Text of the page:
Ciminelli Real Estate Corp.’s anticipated lease with Kinex Pharmaceuticals would cap the effort to fill the $110 million Conventus, one of the largest privately funded construction initiatives on the Buffalo Niagara Medical Campus in recent years.
Ciminelli, the developer behind the project, is expecting Buffalo-based Kinex to occupy the sixth floor of the seven-story complex at 1001 Main St., although details are still uncertain.
It would be the second Buffalo Billion-funded tenant to take up residency in the building, after Albany Molecular Research Inc., which moved into the seventh floor in April. Kinex is a client of AMRI, and the two are expected to work closely together, along with other occupants of the facility.
Conventus was designed as a link between the Medical Campus’ clinical, research and academic entities, with direct building connections to UB’s new School of Medicine and Biomedical Sciences and to the John R. Oishei Children’s Hospital, both now under construction. In fact, the name “Conventus” refers to the “coming together” of doctors, educators, and researchers, Ciminelli officials say.
“The goal was to have a building that was multipurpose in terms of bringing together all the ideas of the medical campus,” Ciminelli Executive Vice President Dennis Penman said during a tour of the building Wednesday. “We were able to achieve the goal.”
The complex – with its glass-curtain facade, LED lights and a prominent entrance on High Street – was built on land that Frank L. Ciminelli had purchased in 1992 at 50 High. The firm imploded the previous building on the site in May 2007.
The first floor will contain the main lobby, a First Niagara Bank branch, a Starbucks Coffee outlet, and an upscale food court with outdoor patio on Goodrich Street, to attract people from the Allentown and Elmwood communities as well as the Medical Campus. “This is to attract the energy of Main Street into the Medical Campus,” Penman said.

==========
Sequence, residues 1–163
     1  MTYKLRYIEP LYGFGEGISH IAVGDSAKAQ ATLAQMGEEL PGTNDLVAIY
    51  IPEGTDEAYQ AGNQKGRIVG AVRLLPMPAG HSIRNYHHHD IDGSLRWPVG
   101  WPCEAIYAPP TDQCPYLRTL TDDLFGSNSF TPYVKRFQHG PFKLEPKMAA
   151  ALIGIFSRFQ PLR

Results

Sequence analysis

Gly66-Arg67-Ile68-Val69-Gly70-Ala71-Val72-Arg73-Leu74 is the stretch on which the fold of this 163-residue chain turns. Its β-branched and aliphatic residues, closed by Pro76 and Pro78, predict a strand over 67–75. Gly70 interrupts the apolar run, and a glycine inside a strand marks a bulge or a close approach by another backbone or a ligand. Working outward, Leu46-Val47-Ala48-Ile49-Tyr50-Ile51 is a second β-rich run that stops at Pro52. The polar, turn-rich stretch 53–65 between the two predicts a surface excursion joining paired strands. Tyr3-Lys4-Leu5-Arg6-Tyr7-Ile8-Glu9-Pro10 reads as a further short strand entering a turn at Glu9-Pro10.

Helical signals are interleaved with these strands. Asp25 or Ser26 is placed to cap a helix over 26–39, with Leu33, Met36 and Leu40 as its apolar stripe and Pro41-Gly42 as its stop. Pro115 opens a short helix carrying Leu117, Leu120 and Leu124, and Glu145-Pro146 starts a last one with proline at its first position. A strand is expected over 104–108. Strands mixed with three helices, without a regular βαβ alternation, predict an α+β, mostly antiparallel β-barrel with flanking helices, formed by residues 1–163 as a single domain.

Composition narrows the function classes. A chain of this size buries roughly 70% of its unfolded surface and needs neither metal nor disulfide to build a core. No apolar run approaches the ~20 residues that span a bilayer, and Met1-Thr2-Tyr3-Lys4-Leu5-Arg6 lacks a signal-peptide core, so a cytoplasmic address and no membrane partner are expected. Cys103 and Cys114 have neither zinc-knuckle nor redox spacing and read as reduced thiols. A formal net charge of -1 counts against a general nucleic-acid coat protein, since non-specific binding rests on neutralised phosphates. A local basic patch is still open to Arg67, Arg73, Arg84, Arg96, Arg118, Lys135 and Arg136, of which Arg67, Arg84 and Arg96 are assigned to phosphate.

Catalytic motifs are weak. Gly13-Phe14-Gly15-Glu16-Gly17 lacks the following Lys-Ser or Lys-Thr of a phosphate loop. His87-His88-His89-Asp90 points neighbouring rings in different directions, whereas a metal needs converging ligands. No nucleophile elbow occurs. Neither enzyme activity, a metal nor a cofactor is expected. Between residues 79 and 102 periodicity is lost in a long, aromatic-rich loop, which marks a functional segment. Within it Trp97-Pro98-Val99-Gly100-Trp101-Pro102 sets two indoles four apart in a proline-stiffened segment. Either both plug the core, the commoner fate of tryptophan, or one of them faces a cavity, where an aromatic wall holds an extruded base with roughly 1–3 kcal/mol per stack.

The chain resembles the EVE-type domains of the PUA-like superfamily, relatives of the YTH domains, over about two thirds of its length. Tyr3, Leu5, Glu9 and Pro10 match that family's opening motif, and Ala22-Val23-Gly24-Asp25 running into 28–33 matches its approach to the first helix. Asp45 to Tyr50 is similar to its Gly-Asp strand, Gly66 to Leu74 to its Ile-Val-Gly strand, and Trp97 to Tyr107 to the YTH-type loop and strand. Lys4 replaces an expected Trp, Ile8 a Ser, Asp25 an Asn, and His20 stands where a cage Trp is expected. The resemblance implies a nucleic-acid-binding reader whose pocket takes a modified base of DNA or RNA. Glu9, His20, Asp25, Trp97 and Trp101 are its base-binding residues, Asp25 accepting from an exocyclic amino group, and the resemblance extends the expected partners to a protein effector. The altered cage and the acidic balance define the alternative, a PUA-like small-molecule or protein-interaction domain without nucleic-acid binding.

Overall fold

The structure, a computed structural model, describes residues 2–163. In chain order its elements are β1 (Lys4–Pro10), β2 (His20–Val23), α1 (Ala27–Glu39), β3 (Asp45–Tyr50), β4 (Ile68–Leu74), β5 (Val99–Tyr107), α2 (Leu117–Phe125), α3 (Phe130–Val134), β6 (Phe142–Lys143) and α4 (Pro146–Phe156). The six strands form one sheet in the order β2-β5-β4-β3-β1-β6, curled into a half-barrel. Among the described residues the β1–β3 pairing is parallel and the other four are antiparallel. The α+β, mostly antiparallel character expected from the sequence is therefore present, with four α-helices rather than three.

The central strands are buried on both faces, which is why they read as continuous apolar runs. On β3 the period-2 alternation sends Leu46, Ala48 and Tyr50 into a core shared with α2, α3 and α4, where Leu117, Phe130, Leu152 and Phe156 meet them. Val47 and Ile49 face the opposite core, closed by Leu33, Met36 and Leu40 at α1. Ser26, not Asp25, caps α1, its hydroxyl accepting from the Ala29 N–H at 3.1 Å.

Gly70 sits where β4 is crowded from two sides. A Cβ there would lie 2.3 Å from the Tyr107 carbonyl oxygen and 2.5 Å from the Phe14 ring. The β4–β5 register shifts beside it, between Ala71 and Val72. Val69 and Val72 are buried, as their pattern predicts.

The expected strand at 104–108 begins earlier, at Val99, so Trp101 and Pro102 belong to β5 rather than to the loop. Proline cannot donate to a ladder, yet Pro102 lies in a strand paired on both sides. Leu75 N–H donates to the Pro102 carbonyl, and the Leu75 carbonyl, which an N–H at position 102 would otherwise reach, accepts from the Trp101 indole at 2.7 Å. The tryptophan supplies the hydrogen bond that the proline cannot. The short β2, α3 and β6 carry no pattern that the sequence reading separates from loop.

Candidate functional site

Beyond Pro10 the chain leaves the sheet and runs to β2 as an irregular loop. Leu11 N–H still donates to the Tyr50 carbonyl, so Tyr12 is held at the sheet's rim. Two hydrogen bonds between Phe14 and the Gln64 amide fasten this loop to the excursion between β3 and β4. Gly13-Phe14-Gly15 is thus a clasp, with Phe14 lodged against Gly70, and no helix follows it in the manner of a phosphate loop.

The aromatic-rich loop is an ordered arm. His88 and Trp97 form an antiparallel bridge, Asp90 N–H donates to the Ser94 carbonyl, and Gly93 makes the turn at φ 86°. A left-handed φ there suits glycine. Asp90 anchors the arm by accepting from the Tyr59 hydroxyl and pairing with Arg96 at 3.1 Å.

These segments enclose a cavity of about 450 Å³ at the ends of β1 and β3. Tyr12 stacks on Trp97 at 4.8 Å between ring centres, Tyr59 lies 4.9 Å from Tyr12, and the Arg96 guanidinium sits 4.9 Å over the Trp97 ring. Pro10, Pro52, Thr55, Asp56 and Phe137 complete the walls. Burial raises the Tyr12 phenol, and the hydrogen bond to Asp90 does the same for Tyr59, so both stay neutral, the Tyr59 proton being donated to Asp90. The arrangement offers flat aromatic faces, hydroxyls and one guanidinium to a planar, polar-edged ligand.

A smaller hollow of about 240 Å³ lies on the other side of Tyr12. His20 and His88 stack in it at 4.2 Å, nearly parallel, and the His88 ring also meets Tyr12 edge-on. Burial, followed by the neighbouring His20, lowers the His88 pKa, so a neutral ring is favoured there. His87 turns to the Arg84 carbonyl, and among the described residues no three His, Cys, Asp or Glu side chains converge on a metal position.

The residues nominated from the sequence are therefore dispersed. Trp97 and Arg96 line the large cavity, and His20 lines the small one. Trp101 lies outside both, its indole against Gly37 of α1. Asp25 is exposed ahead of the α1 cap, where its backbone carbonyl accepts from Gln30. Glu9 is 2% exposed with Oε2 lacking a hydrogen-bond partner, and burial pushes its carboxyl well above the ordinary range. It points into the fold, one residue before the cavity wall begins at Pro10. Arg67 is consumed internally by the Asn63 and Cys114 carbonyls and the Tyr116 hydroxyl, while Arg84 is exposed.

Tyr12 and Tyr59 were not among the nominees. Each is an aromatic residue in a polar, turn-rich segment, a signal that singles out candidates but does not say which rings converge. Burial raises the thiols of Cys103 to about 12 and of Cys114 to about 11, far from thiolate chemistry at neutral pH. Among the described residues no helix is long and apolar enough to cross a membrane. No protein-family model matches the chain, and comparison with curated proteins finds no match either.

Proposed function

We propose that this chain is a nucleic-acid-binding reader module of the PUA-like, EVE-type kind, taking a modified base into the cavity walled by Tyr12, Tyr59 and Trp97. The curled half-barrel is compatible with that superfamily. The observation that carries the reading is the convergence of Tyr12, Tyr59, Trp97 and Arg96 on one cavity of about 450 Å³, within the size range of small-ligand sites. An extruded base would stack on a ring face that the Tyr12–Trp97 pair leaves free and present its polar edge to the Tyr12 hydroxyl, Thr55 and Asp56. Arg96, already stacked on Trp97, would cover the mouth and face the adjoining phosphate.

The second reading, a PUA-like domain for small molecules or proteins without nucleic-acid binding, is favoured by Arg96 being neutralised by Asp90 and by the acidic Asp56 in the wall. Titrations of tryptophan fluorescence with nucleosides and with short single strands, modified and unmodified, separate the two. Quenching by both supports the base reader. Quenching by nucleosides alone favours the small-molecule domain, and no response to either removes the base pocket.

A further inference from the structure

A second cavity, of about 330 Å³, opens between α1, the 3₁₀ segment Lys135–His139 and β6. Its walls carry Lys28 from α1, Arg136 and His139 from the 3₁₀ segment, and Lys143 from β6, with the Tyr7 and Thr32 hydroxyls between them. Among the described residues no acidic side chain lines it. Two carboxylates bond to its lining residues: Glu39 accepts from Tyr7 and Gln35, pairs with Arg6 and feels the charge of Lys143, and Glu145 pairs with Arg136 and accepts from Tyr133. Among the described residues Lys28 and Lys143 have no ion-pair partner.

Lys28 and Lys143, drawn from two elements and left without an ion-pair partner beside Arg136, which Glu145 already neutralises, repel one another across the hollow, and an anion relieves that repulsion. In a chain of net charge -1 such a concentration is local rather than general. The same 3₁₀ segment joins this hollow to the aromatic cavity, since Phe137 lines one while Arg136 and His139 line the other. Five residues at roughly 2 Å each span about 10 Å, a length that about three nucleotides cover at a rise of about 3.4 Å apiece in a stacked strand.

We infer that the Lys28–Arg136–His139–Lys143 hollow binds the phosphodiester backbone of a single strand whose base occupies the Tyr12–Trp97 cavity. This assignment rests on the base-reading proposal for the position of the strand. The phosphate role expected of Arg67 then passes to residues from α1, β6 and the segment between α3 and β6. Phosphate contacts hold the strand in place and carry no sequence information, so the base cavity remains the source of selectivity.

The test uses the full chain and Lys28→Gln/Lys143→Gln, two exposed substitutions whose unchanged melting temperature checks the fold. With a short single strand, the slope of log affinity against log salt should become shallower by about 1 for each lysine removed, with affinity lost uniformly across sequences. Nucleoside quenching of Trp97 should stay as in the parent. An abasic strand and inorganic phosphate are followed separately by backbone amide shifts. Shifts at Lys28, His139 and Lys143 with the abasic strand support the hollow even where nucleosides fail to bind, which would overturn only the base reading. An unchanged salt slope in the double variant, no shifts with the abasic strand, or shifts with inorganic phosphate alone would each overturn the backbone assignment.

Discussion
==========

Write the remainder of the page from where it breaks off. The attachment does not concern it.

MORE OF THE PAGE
The second and third floors will be taken up by Kaleida Health, including for the administrative, patient intake and discharge functions for the ambulatory surgery center for Children’s. The actual surgery suites will be on the 200-foot-long, two-story bridge between Conventus and the hospital.
UBMD and UB’s academic offices will occupy the fourth and fifth floors, respectively. The top two floors are for the three biomedical firms.
Construction began in April 2013, but the overall project fell behind schedule, despite losing only four days to high winds and bad weather. The building’s “core and shell” are now officially completed, with AMRI occupying the seventh floor since April. The main lobby is also done, and a two-level underground parking ramp with 300 spaces is operational.
The rest of the building remains empty and unfinished on the inside, with bare cement floors, metal plate ceilings, exposed wires and pipes, and steel beams and columns caked with spray-foam insulation. That includes the sixth floor that Kinex would occupy. Each floor is over an acre in size.
UB and Kaleida, whose giant facilities are not expected to be completed until 2017, are likely to start work on fitting out their respective floors in the coming weeks, said Denise Juron-Borgese, director of development and planning for Ciminelli. But they’re not anticipated to move in until a year later, in the fall of 2016.
Meanwhile, the bank branch lease has been finalized, and Ciminelli officials are working on leases with a couple of potential food providers for the lobby level, but those retail operations won’t open until summer 2016, Penman said.
There’s also a 12,500-square-foot “green” roof, with a layer of plant pans filled with an evergreen mix and ornamental chives no taller than 6 inches, designed to thrive in Buffalo weather. “It’s relatively maintenance-free,” Juron-Borgese said. “It’s no different than your own garden.”